Textures allow you to add depth, presence, and personality to otherwise flat and soulless shapes. Used with restrain, they can add the icing on the cake, the little thing that will tie everything together. Used as layer masks, they can completely obliterate an element, or just give it that subtle worn look. Their uses and benefits are almost endless.
In what seems like an eternity ago, I co-wrote a piece over at Smashing Magazine about the use of textures in web design with Jon, my partner at Studio Ace of Spade. While the article focuses on the use of textures on the web, its considerations apply to print projects as well. There are also some other things I wrote about textures elsewhere (#1, #2), that showcase some of my tips and tricks about using textures for poster projects.
Anyways, moving on. Let’s come back to our owl.
I’m going to use almost exclusively textures from the Two Lil’ Owls collection. These are super high resolution squares of goodness. Since they are in a square aspect ratio, my finished print will be square as well. Let’s start by creating a new 10″x10″ @300 dpi (RGB) document in Ps. You could argue that I should use CMYK just in case I’d like to get my final piece printed. I agree, but there are some of my tricks resting on some specific Ps filters that work only in RGB color mode, and besides, if you work with a printer that knows what he’s doing, his pre-press work will insure a correct restitution of your colors.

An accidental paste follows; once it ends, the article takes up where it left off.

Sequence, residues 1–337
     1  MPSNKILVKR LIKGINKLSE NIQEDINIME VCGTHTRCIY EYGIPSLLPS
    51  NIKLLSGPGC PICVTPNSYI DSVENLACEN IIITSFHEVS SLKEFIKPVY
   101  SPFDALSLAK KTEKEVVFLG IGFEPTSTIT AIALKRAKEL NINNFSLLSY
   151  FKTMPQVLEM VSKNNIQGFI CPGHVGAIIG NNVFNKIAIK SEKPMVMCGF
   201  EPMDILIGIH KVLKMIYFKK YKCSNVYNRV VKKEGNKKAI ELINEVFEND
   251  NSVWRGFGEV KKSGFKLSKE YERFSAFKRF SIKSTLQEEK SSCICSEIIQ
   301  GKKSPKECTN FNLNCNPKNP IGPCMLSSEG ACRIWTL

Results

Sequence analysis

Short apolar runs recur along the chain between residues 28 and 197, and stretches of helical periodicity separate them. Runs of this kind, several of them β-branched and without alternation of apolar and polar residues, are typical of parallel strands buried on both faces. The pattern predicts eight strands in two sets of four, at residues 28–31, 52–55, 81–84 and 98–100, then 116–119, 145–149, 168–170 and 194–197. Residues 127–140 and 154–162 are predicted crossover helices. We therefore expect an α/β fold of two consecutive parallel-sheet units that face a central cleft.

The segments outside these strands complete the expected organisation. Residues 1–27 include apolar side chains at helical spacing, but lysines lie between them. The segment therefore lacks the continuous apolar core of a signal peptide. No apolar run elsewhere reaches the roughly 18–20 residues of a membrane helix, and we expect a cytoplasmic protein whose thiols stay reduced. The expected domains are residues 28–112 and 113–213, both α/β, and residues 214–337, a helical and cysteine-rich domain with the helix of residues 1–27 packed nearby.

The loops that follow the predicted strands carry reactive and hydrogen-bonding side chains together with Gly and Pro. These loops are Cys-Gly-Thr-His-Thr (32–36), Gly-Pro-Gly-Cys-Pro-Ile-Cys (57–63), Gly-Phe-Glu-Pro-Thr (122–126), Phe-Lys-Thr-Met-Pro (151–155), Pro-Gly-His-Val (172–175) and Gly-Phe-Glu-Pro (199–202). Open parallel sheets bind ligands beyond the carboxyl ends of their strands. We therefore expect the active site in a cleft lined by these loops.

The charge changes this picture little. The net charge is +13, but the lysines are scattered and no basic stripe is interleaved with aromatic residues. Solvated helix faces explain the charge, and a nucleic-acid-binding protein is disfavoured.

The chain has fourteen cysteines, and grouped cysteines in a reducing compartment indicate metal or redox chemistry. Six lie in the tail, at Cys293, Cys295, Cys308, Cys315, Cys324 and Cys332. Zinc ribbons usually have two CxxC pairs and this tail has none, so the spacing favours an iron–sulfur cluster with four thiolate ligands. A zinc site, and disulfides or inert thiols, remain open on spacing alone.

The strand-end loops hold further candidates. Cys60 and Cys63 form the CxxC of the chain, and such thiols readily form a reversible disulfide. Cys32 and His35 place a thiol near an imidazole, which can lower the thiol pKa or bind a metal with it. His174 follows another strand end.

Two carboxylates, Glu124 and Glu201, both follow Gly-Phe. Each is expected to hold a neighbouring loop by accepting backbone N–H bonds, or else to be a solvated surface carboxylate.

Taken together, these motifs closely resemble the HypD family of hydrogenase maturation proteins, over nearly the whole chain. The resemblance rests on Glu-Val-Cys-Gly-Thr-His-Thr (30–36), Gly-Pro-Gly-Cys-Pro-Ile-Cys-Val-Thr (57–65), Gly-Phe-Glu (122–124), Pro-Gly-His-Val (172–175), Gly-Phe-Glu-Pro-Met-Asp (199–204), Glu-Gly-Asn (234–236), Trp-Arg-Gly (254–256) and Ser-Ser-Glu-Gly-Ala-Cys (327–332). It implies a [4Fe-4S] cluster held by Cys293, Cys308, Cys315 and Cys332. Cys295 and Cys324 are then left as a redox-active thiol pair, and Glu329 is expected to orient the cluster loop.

The next step is to bring in our owl. To do so, just select it all in Ai, and copy and past it in your Ps document. Choose Smart Object when prompted, as it allows you to keep the original vector art untouched (as long as you don’t rasterize the layer).
I’ve centered the owl within my workspace, and sized it at 150% so it occupies the space.
After renaming the smart object into Owl, let’s turn it off, and let’s focus on building an interesting background. Let’s stick to the owl’s color palette, and fill the background with the pastel yellow we’ve been using (#fde0b6).
After looking through the content of the texture collection, I’ve spotted a few interesting characteristics. The first thing is that I’d like my background to feature a frame or vignette effect. Textures from the Haunting and Confetti packs will do admirably in that regard. Other than a frame, some subtle scratches and grain, like an old photo plaque, would give the perfect amount of stuff going on in the background without distracting from the main subject.